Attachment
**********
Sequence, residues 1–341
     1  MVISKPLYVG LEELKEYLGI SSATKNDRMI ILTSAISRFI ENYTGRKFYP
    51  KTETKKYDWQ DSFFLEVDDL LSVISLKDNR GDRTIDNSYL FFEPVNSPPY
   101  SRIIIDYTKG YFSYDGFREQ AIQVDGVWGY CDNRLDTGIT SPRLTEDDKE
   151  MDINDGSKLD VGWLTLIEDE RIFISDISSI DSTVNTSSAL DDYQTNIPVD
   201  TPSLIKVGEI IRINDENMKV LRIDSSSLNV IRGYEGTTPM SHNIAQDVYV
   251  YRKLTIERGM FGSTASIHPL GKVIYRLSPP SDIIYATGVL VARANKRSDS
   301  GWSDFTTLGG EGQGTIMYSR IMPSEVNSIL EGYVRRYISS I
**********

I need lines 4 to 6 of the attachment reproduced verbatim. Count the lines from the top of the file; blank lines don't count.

   101  SRIIIDYTKG YFSYDGFREQ AIQVDGVWGY CDNRLDTGIT SPRLTEDDKE
   151  MDINDGSKLD VGWLTLIEDE RIFISDISSI DSTVNTSSAL DDYQTNIPVD
   201  TPSLIKVGEI IRINDENMKV LRIDSSSLNV IRGYEGTTPM SHNIAQDVYV